June 26, 2013
Senator John Legg, chairman of the Senate Education Policy Committee, despite authoring a very good bill just signed into law that requires ALL districts to have adequate and independently verified technology before the online Common Core tests can be given, wrote a very pro-Common Core column published in the Tampa Tribune on June 14th. (Click HERE to read that column). Below is Dr. Karen Effrem's submitted, but unpublished column:
With all due respect to Senator Legg and the great work he has done as chairman of the Senate Education Policy Committee, after his June 14th guest column in the Tampa Tribune, we would submit there are some gaps in or simply incorrect information he has received about Common Core in the following areas:
Rigor/International Benchmarking First the senator says the standards are "are internationally benchmarked, preparing all students to succeed in our global economy," indicating that they are of high quality and rigor. Later in his column he says, "Florida...has adopted its own rigorous standards beyond the minimum Common Core State Standards..." Which is it? The standards cannot be both rigorous and minimum. The facts are: 1) There is no evidence that national standards improve academic achievement; and 2) Repeated requests for evidence of international benchmarking by the Common Core validation committee were denied causing five academicians to refuse to sign off on the final version.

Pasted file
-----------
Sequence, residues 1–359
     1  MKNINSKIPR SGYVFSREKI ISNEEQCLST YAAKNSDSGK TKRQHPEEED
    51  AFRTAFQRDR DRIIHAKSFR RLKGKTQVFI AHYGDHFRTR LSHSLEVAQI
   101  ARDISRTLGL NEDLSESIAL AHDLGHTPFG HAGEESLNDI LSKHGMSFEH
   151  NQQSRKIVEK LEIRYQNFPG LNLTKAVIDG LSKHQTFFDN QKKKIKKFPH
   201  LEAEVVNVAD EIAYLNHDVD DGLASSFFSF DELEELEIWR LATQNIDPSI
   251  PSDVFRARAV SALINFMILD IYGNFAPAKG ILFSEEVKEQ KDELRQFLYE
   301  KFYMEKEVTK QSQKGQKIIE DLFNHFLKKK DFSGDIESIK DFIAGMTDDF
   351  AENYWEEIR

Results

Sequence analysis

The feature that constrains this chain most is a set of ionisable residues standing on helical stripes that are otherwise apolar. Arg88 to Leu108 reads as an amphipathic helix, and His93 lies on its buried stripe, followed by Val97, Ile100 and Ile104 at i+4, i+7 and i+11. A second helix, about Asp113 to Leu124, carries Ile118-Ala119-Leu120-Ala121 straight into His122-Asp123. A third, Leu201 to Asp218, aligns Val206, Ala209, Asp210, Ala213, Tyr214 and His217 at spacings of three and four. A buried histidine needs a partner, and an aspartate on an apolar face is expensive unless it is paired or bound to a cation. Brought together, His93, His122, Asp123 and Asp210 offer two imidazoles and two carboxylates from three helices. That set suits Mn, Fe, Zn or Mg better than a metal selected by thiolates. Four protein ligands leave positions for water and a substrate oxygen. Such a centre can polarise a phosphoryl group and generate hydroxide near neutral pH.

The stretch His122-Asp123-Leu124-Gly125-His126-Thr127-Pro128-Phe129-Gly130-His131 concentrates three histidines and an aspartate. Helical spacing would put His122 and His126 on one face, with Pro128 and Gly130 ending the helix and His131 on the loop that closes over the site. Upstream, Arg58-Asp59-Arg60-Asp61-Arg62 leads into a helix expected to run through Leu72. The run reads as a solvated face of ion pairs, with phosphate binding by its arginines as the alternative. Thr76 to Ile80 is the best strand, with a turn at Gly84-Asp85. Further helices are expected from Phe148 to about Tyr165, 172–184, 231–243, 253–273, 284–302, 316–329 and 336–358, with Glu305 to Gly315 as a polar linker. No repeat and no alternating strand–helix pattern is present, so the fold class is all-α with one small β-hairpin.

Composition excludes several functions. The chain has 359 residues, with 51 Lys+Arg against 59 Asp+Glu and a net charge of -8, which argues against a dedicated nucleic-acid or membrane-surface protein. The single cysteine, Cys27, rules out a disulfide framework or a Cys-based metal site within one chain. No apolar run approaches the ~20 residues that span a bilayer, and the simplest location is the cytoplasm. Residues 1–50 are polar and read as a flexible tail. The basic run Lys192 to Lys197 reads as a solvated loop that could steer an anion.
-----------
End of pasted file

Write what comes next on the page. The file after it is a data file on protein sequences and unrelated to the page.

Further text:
State and Local control - The federally funded and supervised national tests and model curriculum will determine curriculum because stakes are very high for test results, including graduation, teacher pay, and district funding. These tests are aligned to Common Core, NOT the 15% of so-called "rigorous standards" that the states were "allowed" to add as their own after being required to adopt 100% of Common Core verbatim.
State Led/Public Process Despite declarations to the contrary, the standards development and adoption processes were far from transparent and state led. The three groups that developed the standards are private trade associations whose deliberations are closed to the public. The National Governor's Association receives 80% of its funds from the federal government plus more from unaccountable private foundations such as the Gates Foundation. The appointed State Board of Education adopted the standards without holding any explanatory public hearings and without consulting any elected officials.
Voluntary - The states "voluntarily" adopted those standards because it was the only realistic way they could compete for desperately needed funds during a severe recession or to get relief from onerous federal regulations of No Child Left Behind. Having to submit to federal directives while competing to receive taxpayer funds forcibly taken from the states by the federal government is not exactly a voluntary or 10th amendment process.
Data Privacy Although Senator Legg is correct that the standards themselves do "not pose an identity or security risk to students," the federally funded state longitudinal data system required in the Race to the Top grant that Florida received certainly does. This data system will link the test results for the new standards to the 300-400 points of other very private data, like the iris scans that occurred in Polk County without parental consent. This womb to tomb dossier will make the NSA's data collection look tame.
Finally, when has centralizing or nationalizing anything ever been a conservative concept? How will parents, districts and states be able to change any of the standards controlled by these private and unaccountable groups? The citizens of Florida deserve answers.